With a flourishing foodie scene, a bustling waterfront, and one of the world’s most awe-inspiring cathedrals, Palma de Mallorca is an utterly compelling short break destination
With the opening of the San Juan gastronomic market, Palma has come of age as a foodie destination. Set in a refurbished 110-year-old abattoir, with high beamed ceilings and patterned tiled floors, the Mercado Gastronómico San Juan boasts 20 stalls serving over 260 Instagram-ready meals, made from the freshest local produce.
For a taste of old-fashioned Mallorcan cooking, fusing the bounty of both the island’s coast and rural interior, don't overlook the atmospheric Restaurant Cellar Sa Premsa, set in an unremarkable part of town. Those with a sweet tooth should drop by Forn del Santo Cristo for ensaïmades. This café has been selling the sugar-dusted pastry spirals since 1910.
For an immersive overview of the city’s culinary scene, try a walking tour that starts at Mercat de l’Olivar and meanders through the old town. The focus is on the food markets, where you’ll get the opportunity to sample everything from fresh bread to sobrassada (cured sausage).
Palma’s stunning Gothic cathedral is the city’s crowning glory. 121 metres long, 55 metres wide, and with a nave 44 metres tall, it is one of the biggest cathedrals in the world and an imposing presence on the city’s waterfront. It was begun by King James of Aragon in 1229, finished in 1601, and tinkered with by Antoni Gaudí in 1909. Known locally as Le Seu, its sandstone walls and flying buttresses seem to rise out of the sea.
The cathedral will be your constant companion throughout your stay. No matter what part of the city you are in, you will see it – either framed by palm trees by the waterfront or at the end of a cobbled lane in the old town. It is also a haven of peace and tranquility for those wishing to escape the bustle of the city and the sapping midday heat. Make sure you take the time to pull up a pew and admire the light streaming in through the 'rose' window. 12 metres wide and studded with 1,236 pieces of stained glass, it is one of the largest in world. Oh, and those wrought iron candelabras? They were designed by Gaudí himself.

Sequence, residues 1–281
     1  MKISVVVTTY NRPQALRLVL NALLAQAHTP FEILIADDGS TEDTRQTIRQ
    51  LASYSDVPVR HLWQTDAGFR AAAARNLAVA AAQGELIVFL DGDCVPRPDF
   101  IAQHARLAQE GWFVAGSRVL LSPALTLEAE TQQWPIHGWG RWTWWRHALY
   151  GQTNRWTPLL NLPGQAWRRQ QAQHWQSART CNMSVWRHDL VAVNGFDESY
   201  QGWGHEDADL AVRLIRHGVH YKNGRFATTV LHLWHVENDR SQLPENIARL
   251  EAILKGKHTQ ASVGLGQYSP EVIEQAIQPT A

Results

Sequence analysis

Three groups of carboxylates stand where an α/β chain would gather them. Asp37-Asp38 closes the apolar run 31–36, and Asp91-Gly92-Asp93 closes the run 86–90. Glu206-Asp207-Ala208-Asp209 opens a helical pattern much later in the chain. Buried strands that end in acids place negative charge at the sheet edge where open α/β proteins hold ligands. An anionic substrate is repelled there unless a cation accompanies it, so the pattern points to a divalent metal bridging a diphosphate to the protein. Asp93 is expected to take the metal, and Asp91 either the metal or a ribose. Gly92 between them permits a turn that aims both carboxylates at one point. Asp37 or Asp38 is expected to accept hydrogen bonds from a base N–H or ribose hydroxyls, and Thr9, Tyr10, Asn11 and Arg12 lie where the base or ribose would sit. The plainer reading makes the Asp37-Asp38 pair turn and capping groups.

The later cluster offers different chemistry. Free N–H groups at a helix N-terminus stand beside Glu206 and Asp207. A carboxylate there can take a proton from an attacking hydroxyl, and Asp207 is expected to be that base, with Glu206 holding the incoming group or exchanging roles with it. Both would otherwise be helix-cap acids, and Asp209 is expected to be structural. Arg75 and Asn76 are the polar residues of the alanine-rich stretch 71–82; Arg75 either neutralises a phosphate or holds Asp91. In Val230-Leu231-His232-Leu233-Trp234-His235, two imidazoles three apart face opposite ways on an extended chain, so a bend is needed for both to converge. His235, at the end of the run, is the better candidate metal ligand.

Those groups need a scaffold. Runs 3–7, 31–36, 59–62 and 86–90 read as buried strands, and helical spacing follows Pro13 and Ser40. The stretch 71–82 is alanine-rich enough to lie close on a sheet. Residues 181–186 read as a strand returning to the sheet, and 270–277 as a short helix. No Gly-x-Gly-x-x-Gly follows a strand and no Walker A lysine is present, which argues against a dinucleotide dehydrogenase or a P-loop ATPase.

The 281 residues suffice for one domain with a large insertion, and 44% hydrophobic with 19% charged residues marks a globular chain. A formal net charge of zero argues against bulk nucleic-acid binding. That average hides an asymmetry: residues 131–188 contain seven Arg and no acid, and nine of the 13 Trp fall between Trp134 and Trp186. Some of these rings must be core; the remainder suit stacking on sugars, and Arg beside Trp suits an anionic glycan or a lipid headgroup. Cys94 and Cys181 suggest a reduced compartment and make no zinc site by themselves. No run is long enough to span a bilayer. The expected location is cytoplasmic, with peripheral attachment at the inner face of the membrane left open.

Palma’s focus is the water. The city stretches along both sides of the Bay of Palma, boasting a harbourside promenade, bustling marina and five beaches – each offering long stretches of sand and crystal-clear waters. Even the city’s most famous sight, the imposing Gothic cathedral, enjoys a prime harbourside location.
The closest beach to the city centre is Ca'n Pere Antoni. This small stretch of golden sandy beach starts just beyond the cathedral and has a promenade and cycle path running along its length. The view of the cathedral from here is breathtaking. A little further along you will find Portixol, another pretty beach, famed for its bustling restaurants and bars.
Sailing is a popular pastime in Palma. The city hosts the Princesa Sofía Trophy and the Copa del Rey of sailing, bringing a real buzz to the harbour front. Throughout the year a number of companies offer sailing trips around the Bay of Palma, dropping into tiny bays and beaches that cannot be reached by car.
Set on the largest of Spain’s sun-drenched Balearic islands, Palma de Mallorca sits halfway between Barcelona and North Africa in the azure waters of the western Mediterranean. With its mild winters and hot and sunny summers, it is the perfect short break getaway at any time of the year.
The average annual temperature is 18°C. In summer that creeps up to 24.5°C, with the water a balmy 26°C. But even on the hottest days, a cooling sea breeze is never far away – nor one of the city’s famous heladerias with their delicious range of ice creams.
Palma makes an excellent base for exploring the rest of Mallorca. Although it is the largest of the Balearic islands, most of its attractions are easily accessible from the capital. Within an hour you can be hiking the trails of the Serra de Tramuntana mountains or riding the restored trams between Sóller and the Port of Sóller.
One of the great joys of Mallorca is discovering its hidden coves and beaches. Avoid the big mega resorts and instead head to the north and east where any number of enchanting bays and inlets await. Or head into the island’s forgotten rural interior where life continues as it always has, with a focus on good food and taking the time to enjoy it.